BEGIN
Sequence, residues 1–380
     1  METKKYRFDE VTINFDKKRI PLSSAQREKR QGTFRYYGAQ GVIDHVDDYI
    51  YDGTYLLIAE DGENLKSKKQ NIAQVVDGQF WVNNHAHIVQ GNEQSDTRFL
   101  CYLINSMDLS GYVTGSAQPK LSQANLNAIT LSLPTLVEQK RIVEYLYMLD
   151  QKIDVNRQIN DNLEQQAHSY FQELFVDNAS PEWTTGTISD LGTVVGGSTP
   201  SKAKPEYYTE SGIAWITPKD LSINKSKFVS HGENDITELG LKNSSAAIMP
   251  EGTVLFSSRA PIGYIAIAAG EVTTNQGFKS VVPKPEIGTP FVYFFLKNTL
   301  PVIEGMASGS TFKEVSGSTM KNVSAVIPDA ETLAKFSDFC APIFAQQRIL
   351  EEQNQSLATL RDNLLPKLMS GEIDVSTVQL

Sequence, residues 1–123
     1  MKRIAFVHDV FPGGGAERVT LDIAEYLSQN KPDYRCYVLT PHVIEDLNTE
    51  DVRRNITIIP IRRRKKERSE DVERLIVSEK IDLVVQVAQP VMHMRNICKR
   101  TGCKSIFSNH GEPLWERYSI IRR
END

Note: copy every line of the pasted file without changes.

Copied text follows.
Sequence, residues 1–380
     1  METKKYRFDE VTINFDKKRI PLSSAQREKR QGTFRYYGAQ GVIDHVDDYI
    51  YDGTYLLIAE DGENLKSKKQ NIAQVVDGQF WVNNHAHIVQ GNEQSDTRFL
   101  CYLINSMDLS GYVTGSAQPK LSQANLNAIT LSLPTLVEQK RIVEYLYMLD
   151  QKIDVNRQIN DNLEQQAHSY FQELFVDNAS PEWTTGTISD LGTVVGGSTP
   201  SKAKPEYYTE SGIAWITPKD LSINKSKFVS HGENDITELG LKNSSAAIMP
   251  EGTVLFSSRA PIGYIAIAAG EVTTNQGFKS VVPKPEIGTP FVYFFLKNTL
   301  PVIEGMASGS TFKEVSGSTM KNVSAVIPDA ETLAKFSDFC APIFAQQRIL
   351  EEQNQSLATL RDNLLPKLMS GEIDVSTVQL

Sequence, residues 1–123
     1  MKRIAFVHDV FPGGGAERVT LDIAEYLSQN KPDYRCYVLT PHVIEDLNTE
    51  DVRRNITIIP IRRRKKERSE DVERLIVSEK IDLVVQVAQP VMHMRNICKR
   101  TGCKSIFSNH GEPLWERYSI IRR